History and Social Life
This age witnessed the emergence of India’s first great empire. When Alexander entered the Punjab just before the establishment of the Mauryan Empire, it was with the view to develop its immense commercial resources. Trade with Babylon had long been established. As such, there were many cultural crosscurrents between China, Persia, and India. Alexander founded trading posts all along his course, and left behind Greek colonists who finally intermarried with the Indians. Chandragupta Maurya himself married a princess from the Greek Seleucid Court.
Chandragupta Maurya lived in considerable state. In the processions held on festive occasions, elephants decked in gold and silver, four horsed chariots and yokes of oxen took part. In the towns people dressed in flowered muslin embroidered with jewels. The palaces are said to have been truly luxurious, with great pillared rooms of state, like those in Iran, the golden pillars decorated with embossed vine leaves and silver birds. These palaces were set in lovely parks full of shady trees, many of which had been imported to give variety, and boating as a sport was popular on artificial lakes full of fish.
This was an age of plenty, even for the poor, as the fields were fertile, the basic crops being rice, barley, wheat, millet, and sugarcane. Metals including gold and silver were mined. The state gave the people security and protection, maintained roads, and provided reservoirs and wells. All this helped to create a sense of well-being in the populace. Cattle breeding was as important during the Vedic Age as it is now, and in addition to milk products provided skin, leather, horn, hair and wool which were used in various crafts.
Trade was carried on by ships through the ports along the coastline of Maharashtra, the Malabar Coast, the Tamil country, and Bengal. Land routes were expanded to join the Ancient Silk route through Central Asia to China, and large caravans undertook hazardous journeys for the sake of the profits that were to be made by the adventurous.
Men and women continued to wear three unstitched garments, as in Vedic times. The main garment was the antariya of white cotton, linen or flowered muslin, sometimes embroidered in gold and precious stones. For men, it was an unstitched length of cloth draped around the hips and between the legs in the kachcha style, extending from the waist to the calf or ankles or worn even shorter by peasants and commoners. The antariya was secured at the waist by a sash or kayabandh, often tied in a looped knot at the center front of the waist. The kayabandh could be simple sash, vethaka; one with drum-headed knot at the ends, muraja; a very elaborate band of embroidery, flat and ribbon-shaped, pattika; or a many-stringed one, kalabuka. The third item of clothing called uttariya was another length of material, usually fine cotton, very rarely silk, which was utilized as a long scarf to drape the top half of the body.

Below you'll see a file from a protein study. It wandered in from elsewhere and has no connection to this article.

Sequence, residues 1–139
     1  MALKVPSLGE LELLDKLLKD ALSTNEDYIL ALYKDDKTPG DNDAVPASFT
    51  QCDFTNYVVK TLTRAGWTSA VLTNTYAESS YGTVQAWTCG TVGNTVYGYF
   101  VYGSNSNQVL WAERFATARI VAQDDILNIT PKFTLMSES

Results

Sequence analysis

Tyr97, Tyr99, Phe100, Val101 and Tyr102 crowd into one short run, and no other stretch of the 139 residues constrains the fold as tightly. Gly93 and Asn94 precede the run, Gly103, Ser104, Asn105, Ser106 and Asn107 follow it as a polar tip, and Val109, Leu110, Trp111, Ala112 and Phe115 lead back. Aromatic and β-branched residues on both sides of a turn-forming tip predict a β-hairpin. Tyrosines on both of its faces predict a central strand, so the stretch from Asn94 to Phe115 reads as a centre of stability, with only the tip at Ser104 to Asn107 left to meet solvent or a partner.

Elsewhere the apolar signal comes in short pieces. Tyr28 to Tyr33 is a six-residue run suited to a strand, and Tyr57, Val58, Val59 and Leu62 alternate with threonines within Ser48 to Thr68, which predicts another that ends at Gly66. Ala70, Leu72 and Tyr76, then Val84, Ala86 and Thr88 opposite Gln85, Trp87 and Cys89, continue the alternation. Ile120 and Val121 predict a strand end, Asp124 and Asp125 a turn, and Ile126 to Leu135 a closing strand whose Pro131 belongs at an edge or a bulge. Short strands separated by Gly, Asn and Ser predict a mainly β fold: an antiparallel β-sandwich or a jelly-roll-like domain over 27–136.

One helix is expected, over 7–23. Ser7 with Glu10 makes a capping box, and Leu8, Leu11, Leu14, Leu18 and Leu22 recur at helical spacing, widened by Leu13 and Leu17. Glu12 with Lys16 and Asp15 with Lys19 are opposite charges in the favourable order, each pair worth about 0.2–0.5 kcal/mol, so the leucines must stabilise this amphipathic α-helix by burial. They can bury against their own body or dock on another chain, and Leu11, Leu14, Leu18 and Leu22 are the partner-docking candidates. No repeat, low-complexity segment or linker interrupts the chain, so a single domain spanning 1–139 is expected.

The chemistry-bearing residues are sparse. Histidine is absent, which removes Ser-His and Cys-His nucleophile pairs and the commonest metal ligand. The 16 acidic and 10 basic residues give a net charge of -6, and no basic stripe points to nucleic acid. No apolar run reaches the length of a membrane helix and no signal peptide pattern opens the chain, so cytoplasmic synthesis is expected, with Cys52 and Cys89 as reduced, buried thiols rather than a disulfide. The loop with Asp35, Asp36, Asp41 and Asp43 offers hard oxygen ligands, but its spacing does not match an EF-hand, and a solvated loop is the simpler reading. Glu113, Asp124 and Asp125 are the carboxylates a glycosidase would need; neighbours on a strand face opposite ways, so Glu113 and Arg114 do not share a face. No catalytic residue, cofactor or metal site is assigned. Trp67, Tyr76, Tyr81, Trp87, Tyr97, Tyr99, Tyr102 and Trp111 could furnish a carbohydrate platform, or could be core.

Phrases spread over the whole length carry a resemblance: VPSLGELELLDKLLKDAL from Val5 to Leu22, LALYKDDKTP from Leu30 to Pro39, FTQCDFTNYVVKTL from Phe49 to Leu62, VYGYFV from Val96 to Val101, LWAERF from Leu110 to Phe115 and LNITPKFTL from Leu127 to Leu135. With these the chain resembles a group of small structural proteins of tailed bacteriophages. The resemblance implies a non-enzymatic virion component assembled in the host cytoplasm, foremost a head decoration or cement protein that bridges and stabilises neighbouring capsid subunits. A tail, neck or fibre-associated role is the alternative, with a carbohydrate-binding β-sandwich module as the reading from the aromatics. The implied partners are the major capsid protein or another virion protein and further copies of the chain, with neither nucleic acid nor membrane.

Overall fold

The uttariya was worn in several ways to suit the comforts of the wearer: very elegantly by those at court, who drape it on both shoulders or one shoulder, or diagonally across the chest and casually knotted at the waist, or it could even be worn loosely across the back and supported by the elbows or wrist, and in many other ways according to the whims of the weather. But for the labourer and the craftsman, it was more a practical garment to be tied around the head as protection from sun, or tightly around the waist leaving the hands free for work, or again as a towel to mop the face when sweating. Its uses were endless for the poor sections of the society and for them it would be made of coarse cotton.
Women tied their antariya in different ways. Originally opaque, it later became more and more transparent. A simple small antariya or strip of cloth, langoti was attached to the kayabandh at the center front, and then passed between the legs and tucked in at the back. A longer version of the antariya was the knee-length one, being first wrapped around and secured at the waist, the longer end then pleated and tucked in at the front, and the shorter end finally drawn between the legs, Kachcha style, and tucked in at the waist at the back. Another version, the lehnga style, was a length of cloth wrapped around the hips tightly to form a tabular type of skirt. This was not drawn between the legs in the kachcha style.